News State Victoria News Victorian seaside town Queenscliff prepares for population explosion

Victorian seaside town Queenscliff prepares for population explosion

The peaceful waterfront at Queenscliff. Photo: ABC
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When you’ve driven right down to the end of the Bellarine Peninsula and jump out of the car, you’re hit with fresh, salty air, and quiet – but maybe not for long with a planned new housing development.

When the weather warms up, the population of the Borough of Queenscliffe jumps from 3000 residents to more than 17,000, according to the council’s most recent census data.

A map of a housing development at Point Lonsdale on Victoria’s Bellarine Peninsula.

But the normally quiet and quaint town could now be busy all year round, as a $330-million development takes shape a few minutes away from Queenscliff, on the Bellarine Highway.

At The Point, 600 new dwellings will be built along with a shopping centre and aged care facility.

Queenscliff will have to work out how it will manage an influx of new residents, and how its services will cope without any extra money coming in.

Because of the location of The Point development, rates will go to the City of Greater Geelong, not to the Borough of Queenscliffe.

Younger demographic is moving in

Mayor Tony Francis says the plans have caused some angst in the community.

“It’s a real catch 22 for us because we need the big permanent populations to feed our businesses in the quiet time, we also don’t want that increased usage here impacting on our local residents,” he says.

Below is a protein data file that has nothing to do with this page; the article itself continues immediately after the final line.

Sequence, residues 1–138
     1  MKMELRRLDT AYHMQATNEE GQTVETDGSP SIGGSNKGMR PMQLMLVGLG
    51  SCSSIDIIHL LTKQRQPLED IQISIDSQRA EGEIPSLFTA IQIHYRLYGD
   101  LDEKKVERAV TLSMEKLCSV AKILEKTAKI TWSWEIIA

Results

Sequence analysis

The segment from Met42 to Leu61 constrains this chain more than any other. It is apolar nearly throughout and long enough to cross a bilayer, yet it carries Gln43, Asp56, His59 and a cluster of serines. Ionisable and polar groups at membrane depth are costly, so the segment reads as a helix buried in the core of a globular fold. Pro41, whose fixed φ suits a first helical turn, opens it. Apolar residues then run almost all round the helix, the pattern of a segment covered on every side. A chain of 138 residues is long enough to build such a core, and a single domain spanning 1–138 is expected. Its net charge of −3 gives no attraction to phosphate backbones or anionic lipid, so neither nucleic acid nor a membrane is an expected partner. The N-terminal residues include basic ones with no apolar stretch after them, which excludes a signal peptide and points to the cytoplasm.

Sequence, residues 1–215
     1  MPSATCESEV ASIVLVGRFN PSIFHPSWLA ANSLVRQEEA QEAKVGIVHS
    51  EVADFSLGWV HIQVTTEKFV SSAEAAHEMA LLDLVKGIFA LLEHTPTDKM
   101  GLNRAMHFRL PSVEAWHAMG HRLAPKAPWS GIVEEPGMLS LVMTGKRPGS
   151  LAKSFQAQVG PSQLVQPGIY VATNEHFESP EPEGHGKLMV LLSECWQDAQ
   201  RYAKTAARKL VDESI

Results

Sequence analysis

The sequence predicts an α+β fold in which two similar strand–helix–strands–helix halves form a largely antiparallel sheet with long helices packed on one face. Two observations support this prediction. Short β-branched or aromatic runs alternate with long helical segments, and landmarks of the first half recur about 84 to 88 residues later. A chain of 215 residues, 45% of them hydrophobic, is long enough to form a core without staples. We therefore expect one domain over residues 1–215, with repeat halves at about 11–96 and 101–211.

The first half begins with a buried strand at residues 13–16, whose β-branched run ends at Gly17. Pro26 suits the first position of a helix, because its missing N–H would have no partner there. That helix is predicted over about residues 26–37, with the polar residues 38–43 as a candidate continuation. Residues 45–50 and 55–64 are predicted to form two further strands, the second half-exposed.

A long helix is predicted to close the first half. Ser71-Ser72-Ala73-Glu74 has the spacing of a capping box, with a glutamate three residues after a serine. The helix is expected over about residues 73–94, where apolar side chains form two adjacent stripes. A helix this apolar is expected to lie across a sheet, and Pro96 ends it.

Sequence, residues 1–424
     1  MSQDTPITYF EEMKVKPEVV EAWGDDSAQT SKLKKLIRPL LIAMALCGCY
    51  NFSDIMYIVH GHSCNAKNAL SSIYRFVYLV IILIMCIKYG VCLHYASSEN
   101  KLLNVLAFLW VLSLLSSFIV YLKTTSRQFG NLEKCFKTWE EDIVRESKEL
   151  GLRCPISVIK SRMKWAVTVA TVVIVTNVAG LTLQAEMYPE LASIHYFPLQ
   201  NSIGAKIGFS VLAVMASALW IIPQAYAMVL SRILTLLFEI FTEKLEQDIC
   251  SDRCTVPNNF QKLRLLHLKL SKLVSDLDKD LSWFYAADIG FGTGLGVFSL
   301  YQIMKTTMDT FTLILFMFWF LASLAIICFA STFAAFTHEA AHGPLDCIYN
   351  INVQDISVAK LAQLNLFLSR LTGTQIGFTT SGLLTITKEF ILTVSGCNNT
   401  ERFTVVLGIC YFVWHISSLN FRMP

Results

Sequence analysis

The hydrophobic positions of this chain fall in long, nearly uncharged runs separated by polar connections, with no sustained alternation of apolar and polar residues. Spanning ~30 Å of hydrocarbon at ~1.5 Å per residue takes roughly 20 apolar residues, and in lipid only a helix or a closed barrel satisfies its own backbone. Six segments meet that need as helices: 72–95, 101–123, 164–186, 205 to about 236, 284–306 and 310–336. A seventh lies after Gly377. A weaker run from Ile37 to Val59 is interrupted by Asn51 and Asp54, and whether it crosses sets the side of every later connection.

“The Point development will increase the housing and the size of our community by about 45 per cent. So, it’s a massive increase to what we know.

“If you look at permanent population, that will boost that up probably three or four fold.”

In nearby Point Lonsdale, a similar boom is happening.

Real estate agent Felix Hakins says a younger demographic is moving in, and bringing their families with them.

They’re looking for five and four-bedroom homes, they’ve got flexible working hours and see the close proximity to Melbourne.”

Mr Hakins just sold a beachfront property for $6 million to a person that lives in Melbourne.

“Point Lonsdale was really classified as the God’s waiting room, where now we’re finding a lot of younger demographics are moving down here,” he says.

“We’re getting people that are wanting a dream home with views, and are able to afford that, coming down to Point Lonsdale.”

From no traffic lights to traffic jams

As more people obtain their dream home, the strain on what’s made the area so attractive grows.

David Hopkins has been a resident in the area for 30 years.

“It’s changed enormously. I mean, there were no traffic lights but we have traffic jams now,” he says.

“The outskirts, the developments that’s going there now is just amazing, but it’s a question of whether the infrastructure there can support it all.

“People that I know that live in Point Lonsdale are certainly very alarmed at it all. But they moved down here — we all moved down here — because we like the quiet lifestyle.

“And it’s not that anymore but what can you do — we’re lucky enough to have it, it’s a bit hard to tell other people that they can’t have it as well.”

Kate Matherson recently purchased the Vue Grand Hotel in Queenscliff.

“I’d like to see development focus on the natural things that are already here. Focus on the coast and wineries and the fort. Anything that’s naturally already here, without over-developing,” she says.

She’s cautiously supportive of eco-friendly development that will help those in business survive during the quiet month.

“There’s not too many coastal towns within an hour and half of the city that offer what Queenscliff has. I really would like to see that kept,” she says.